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Vaccination campaign stalling as area emerges from COVID isolation

COVID shots II

ADOPH RN Karen Cobb talks to Shannon Jenkins about the vaccine he is about to receive during the second round of COVID-19 vaccines at the City Meeting Center in Anniston. Photo by Stephen Gross/The Anniston Star

When COVID-19 vaccines first came to Heflin, pharmacist Ryan Jackson couldn’t give enough shots. Lately, the pace is a lot slower.

“I may be doing 20 shots a week, where I was doing 50 to 100 a day,” said Jackson, who works at Wright Drug Company in Heflin.

As the federal government starts a push to get 70 percent of the country vaccinated against COVID-19, Alabama lags behind most states in vaccinations, and the state doesn’t seem likely to catch up soon.

Statistics from the Alabama Department of Public Health show that across the state, the pace of new vaccinations in the past two weeks is about where it was in late December and early January, when supplies of shots were scarce.

Cleburne County, where Jackson works, is among the least vaccinated counties in the state. About one in five of the county’s vaccine-eligible residents has had at least one shot, with 18 percent fully vaccinated, according to numbers from the Alabama Department of Public Health.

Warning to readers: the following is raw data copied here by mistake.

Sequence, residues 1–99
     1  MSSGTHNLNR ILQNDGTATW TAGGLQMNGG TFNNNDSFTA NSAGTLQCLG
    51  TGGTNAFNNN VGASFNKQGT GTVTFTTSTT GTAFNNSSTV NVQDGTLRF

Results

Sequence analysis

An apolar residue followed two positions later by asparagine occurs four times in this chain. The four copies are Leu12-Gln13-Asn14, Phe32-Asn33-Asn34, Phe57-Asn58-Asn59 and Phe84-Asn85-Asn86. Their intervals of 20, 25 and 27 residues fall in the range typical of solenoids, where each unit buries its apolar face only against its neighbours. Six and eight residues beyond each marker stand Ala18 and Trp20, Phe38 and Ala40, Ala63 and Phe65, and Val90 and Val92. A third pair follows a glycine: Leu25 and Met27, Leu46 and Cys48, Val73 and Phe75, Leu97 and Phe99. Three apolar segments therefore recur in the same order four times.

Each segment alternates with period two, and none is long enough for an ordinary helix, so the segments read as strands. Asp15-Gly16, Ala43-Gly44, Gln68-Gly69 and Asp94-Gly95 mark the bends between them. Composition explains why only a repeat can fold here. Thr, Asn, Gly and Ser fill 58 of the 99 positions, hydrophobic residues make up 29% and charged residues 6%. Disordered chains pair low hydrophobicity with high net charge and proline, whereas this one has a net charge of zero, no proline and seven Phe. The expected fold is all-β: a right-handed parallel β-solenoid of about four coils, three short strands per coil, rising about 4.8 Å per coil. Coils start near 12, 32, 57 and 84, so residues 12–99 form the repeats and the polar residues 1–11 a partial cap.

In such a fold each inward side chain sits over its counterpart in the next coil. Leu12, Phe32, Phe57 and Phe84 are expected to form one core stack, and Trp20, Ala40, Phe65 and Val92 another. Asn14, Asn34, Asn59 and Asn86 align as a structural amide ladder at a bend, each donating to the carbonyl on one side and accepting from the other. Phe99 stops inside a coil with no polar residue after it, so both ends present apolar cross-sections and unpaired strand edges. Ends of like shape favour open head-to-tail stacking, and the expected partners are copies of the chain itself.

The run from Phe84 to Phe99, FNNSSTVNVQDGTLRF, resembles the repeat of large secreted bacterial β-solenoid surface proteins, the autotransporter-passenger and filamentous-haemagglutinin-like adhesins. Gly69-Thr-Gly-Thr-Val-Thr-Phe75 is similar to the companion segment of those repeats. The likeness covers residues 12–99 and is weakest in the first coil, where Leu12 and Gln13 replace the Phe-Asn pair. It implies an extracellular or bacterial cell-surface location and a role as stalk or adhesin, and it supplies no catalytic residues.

In Calhoun County, about one person in four is fully vaccinated. Those percentages have shifted over time, as vaccines have been approved for younger age groups. But Cleburne, DeKalb and Russell counties remain the least-vaccinated counties in the state.

“I don’t think we’re going to make it to 70 percent by the Fourth of July,” said Dr. Karen Landers, an assistant state health officer. “We have to continue messaging as much as possible by every means we have.”

Even with low rates of vaccination, the rate of death and illness from COVID has declined dramatically in recent weeks. In Calhoun County, 324 people have died from the virus, but most of those deaths happened before this spring. In Anniston, Regional Medical Center’s count of COVID patients briefly reached zero in May, a milestone in the pandemic.

But there’s lingering concern that the virus will remain a problem if a large portion of the population doesn’t get vaccinated by fall or winter.

“At the end of the day, it’s an individual choice about taking this life-saving vaccine,” Landers said.

Jackson, the Heflin pharmacist, said he’s not sure why people have lost interest in the vaccine.

“I’ve had about a dozen people who came in for the first shot, but said they didn’t want the second,” he said. Most cited side effects as the reason, he said.

Asked why Cleburne, Dekalb and Russell counties remain among the least vaccinated, Landers said she wasn’t sure. Still, she noted that all three counties are on the Georgia state line.

“It’s possible some people could be going to Georgia for vaccination, and their numbers haven’t been reported to us,” she said.

Landers said she didn’t expect the Georgia factor to have much effect on the numbers.

Capitol & statewide reporter Tim Lockette: 256-294-4193. On Twitter @TLockette_Star.